The Buttonbush (Cephalanthus occidentalis) invites a wide variety of pollinators with its spiky flowers. Earlier this spring, I worried that it wasn’t a Buttonbush at all after three years of not blooming. This native shrub is the focal point for the rain garden, so I’m quite relieved. Today, an Eastern Swallowtail probed the many flowers that make up each flower sphere, staying on each globe for a minute or more before flitting off to the next one.
The complex flowers put this plant on my “crave” list more than twenty years ago, when I saw one blooming during a Perennial Plant Association tour. Yes, it combines my old passion for weird plant with my new passion for native ones. The spiky flowers change color as they open, from green to white to red. According to NCSU, Buttonbush has “exceptional wildlife benefits,” with flowers through September followed by showy red fruits that stay into the winter.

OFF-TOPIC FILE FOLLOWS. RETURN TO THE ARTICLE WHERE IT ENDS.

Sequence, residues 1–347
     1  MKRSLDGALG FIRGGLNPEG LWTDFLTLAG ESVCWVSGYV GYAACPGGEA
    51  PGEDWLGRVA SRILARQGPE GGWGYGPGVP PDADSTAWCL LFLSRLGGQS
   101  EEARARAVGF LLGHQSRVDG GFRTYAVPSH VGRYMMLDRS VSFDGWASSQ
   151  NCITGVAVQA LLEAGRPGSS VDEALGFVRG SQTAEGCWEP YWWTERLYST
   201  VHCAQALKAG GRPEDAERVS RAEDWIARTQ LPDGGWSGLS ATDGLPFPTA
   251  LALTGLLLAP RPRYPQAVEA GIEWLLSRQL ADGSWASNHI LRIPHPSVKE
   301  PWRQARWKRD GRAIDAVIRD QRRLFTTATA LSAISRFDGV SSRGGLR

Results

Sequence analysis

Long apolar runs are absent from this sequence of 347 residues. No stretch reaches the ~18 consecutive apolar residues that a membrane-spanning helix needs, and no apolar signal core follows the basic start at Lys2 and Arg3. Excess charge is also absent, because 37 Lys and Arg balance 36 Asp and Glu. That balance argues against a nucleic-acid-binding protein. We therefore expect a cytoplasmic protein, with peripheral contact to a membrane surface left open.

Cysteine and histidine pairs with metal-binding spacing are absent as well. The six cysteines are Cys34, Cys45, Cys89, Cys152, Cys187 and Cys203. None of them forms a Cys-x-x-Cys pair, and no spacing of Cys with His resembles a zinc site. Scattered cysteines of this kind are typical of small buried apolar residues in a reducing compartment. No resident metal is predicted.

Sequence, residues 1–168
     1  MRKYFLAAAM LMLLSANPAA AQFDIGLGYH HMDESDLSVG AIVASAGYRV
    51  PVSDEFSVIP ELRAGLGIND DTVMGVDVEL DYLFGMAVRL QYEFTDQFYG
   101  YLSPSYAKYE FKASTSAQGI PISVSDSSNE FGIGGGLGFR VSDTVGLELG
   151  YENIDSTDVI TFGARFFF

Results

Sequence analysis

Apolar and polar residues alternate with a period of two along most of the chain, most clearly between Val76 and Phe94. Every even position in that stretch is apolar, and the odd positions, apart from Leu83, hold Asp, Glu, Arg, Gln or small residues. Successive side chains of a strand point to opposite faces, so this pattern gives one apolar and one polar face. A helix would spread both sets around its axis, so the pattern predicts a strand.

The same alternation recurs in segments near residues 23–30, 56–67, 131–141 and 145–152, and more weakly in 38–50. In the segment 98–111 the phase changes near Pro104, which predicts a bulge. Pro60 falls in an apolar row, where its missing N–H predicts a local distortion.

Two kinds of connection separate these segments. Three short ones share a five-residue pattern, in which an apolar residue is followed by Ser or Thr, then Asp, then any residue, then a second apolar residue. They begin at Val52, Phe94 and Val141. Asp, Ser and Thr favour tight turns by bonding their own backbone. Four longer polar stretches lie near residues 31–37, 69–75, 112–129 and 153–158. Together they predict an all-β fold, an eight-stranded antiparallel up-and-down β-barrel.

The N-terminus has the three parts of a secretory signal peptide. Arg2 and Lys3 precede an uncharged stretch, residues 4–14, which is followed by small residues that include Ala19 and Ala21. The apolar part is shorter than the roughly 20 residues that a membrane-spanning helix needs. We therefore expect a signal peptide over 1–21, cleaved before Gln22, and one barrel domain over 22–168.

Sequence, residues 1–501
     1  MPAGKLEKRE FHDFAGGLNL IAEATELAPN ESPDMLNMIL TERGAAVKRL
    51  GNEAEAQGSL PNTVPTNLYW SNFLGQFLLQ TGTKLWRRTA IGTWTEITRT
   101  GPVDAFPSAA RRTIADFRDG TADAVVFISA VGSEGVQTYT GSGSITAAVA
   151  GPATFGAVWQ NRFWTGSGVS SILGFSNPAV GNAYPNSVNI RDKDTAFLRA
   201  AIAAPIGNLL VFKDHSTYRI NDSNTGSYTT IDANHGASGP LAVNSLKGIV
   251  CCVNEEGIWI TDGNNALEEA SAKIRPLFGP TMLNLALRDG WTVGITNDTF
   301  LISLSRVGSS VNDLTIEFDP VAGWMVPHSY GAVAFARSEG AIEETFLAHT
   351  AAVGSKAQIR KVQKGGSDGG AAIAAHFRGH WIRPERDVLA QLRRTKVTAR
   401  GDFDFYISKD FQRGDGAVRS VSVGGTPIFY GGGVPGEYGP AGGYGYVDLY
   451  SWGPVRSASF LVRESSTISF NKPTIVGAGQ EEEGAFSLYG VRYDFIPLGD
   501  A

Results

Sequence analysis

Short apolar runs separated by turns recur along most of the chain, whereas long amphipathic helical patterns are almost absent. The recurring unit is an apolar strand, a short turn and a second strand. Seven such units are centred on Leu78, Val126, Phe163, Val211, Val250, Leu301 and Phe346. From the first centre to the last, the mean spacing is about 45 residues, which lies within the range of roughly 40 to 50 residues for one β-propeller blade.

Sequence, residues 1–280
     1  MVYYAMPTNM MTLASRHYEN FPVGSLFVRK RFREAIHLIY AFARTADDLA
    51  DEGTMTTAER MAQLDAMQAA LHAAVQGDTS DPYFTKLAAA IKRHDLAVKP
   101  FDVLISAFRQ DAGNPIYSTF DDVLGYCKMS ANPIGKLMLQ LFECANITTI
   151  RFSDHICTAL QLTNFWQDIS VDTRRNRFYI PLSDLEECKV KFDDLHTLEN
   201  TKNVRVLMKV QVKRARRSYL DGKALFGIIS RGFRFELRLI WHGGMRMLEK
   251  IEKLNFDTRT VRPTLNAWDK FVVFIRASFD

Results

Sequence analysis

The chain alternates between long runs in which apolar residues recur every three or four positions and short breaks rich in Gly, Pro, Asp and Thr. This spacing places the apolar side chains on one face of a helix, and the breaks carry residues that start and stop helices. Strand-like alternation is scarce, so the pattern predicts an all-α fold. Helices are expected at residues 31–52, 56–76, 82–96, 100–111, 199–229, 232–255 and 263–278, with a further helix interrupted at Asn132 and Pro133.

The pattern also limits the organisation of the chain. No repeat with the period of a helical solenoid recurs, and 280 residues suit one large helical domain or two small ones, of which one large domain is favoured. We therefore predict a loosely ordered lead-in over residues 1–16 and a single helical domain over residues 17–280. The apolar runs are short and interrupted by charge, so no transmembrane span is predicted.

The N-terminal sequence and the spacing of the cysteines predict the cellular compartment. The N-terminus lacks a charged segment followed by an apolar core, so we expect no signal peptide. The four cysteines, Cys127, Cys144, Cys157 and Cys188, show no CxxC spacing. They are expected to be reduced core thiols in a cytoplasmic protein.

The Buttonbush fills up the deep end of the rain garden. If you look closely at the photo below, you can see the Swallowtail on it in line with the big pine trunk in the center.